When Haroon Ullah was a student at Harvard University's John F. Kennedy School of Government, way back in 2000, his research-paper presentation on India-Pakistan left his professor puzzled. "Why," his professor asked, "would you study such a small, relatively unimportant region?" It was this question, or rather a will to defy it, that set Ullah on a mission to focus on South Asia and understand its intricacies. In the years since, as South Asia has gotten more globally important, he's done academic field work in Pakistan, served as a member of the late Amabassador Richard C. Holbrooke's policy team on Pakistan & Afghanistan, worked as a diplomat at the U.S. Mission in Islamabad and most recently, joined the U.S. Department of State as an advisor on countering violent extremism and public diplomacy. "I spent over 10 years in the region doing hundreds of interviews for my field research," explains Ullah, "and I met so many lower middle class families that were struggling, that were torn by violence, extremism, and chaos, within their daily lives.”

Ullah’s latest book, The Bargain from the Bazaar, is the story of one such family, grappling with the devastating impact of the treacherous political, civil and religious fabric of modern Pakistan. It’s the story of the Reza family – Awais, his wife Shez and their three sons – whose livelihood comes from a shop in Lahore’s Anarkali Bazaar (hence the title) and whose lives are blown to pieces when their middle son gets involved in radical Islamist politics.

On first read, the book reads like a novel. It doesn’t mention dates, doesn’t stress chronology and ventures into characters’ thoughts with the frequency and ease typical of fiction. But make no mistake, the Reza family is very much flesh and blood, though their real names are masked. “The first time I met them was in 2004 at a dinner party in Lahore,” reveals Ullah. “I overheard Awais telling the story of his days in the army and then as a POW.” That was the start of a lifelong friendship, a friendship that allowed the Reza family to entrust Ullah with their story when he approached them about writing the book. He started taking notes, interviewing the family, recording video and following them everywhere. “I saw some really raw moments,” recalls Ullah. “I would say things like, ‘I can’t believe young people are buying into this extremism’ and I would see Awais look down, thinking, ‘That's my son, one of those young people that bought into it. Was it me? Could I have done anything? Did we fail as parents?’ ”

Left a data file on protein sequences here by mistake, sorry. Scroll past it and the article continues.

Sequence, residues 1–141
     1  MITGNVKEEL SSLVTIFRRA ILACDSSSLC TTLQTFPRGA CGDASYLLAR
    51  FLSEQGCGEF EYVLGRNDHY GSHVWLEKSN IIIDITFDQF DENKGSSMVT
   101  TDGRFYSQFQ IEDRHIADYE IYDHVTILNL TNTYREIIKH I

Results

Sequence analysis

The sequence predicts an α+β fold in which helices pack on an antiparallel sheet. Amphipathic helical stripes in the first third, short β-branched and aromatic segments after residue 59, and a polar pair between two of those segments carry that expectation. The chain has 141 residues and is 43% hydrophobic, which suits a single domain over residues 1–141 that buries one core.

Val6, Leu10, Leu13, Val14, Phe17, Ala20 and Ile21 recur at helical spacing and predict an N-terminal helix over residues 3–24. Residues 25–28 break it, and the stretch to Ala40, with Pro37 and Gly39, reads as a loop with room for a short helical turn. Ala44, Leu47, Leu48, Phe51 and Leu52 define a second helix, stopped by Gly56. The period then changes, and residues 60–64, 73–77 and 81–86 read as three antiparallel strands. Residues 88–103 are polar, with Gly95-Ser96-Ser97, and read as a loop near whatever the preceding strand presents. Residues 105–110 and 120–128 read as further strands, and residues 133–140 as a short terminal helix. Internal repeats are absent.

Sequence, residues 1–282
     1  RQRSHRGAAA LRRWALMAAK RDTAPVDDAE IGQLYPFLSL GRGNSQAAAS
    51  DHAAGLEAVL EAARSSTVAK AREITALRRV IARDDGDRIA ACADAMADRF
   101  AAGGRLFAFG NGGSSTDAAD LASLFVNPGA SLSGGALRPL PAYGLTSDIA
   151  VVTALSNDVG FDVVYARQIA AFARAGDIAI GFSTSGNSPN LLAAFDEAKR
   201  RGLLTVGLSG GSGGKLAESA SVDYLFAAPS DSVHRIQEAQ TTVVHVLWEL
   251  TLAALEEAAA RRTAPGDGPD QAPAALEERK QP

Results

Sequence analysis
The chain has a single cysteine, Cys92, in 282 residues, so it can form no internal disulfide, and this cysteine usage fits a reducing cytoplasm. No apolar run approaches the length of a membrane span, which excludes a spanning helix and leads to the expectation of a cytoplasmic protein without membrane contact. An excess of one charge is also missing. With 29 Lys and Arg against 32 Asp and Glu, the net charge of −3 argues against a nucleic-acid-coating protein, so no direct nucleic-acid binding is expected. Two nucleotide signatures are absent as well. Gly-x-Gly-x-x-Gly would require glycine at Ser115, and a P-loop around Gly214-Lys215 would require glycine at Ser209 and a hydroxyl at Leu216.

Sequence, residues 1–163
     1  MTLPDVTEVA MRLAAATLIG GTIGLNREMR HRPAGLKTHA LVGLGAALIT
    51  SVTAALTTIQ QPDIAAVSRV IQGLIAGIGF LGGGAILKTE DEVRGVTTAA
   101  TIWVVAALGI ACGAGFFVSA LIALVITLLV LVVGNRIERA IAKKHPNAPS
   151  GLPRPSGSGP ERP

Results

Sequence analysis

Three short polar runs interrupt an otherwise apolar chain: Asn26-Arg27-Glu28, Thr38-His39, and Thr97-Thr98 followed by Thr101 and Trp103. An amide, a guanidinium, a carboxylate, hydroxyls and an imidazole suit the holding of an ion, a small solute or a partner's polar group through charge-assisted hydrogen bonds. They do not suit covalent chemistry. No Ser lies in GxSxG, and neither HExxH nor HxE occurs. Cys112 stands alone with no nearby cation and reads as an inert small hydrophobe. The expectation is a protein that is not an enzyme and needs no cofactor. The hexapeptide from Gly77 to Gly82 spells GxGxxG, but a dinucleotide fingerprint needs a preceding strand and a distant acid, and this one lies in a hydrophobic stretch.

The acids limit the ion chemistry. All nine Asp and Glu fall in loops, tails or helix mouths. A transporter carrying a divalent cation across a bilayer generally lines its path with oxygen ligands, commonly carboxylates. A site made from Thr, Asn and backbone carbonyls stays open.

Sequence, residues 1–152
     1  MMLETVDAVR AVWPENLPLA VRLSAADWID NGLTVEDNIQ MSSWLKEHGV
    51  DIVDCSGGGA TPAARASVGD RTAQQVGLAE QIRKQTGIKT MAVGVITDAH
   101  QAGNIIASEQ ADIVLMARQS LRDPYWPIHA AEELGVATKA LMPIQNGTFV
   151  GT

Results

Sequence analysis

Writing the book was cathartic for Ullah too, a way to find a place for himself, somewhere between two worlds, between his Indian-Pakistani lineage and his American small-town upbringing. “After 9/11, it was the first time people asked me, ‘Where are you from?’ ” recalls Ullah, with just a hint of indignation. He told them he’s from Richland, Washington. “I grew up listening to country music and driving a truck. And people were like, ‘No, but where're you really from? Haroon doesn't sound American.’ ”

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The descriptor he chooses instead for himself is “South Asian American.” It’s evident in his writing—in his vivid imagery of the bustle of Lahore and its markets and his nuanced insights into Pakistani culture—that he’s proud of his heritage, and deeply enamored by it too. That’s perhaps why chipping ullah_coveraway at stereotypes and furthering the understanding of South Asian lives is a mission of sorts for Ullah. “People read things in the news,” he says, and they want to know “ ‘What the hell is going on in India and Pakistan?’ They stereotype things very easily.”

Bargain From the Bazaar is about hope, about the astonishing resilience of families like the Rezas, and about the strength of a nation. "It was what Pakistanis seemed to do best, coming back from the brink time and time again,” writes Ullah.  “Through tragedy and catastrophe, wars and floods, assassinations and police crackdowns, weak and corrupt leadership, the people of Pakistan knew only that they must keep marching on toward a better future."

Nidhi Chaudhry is a freelance writer currently based in Singapore. Follow her on Twitter.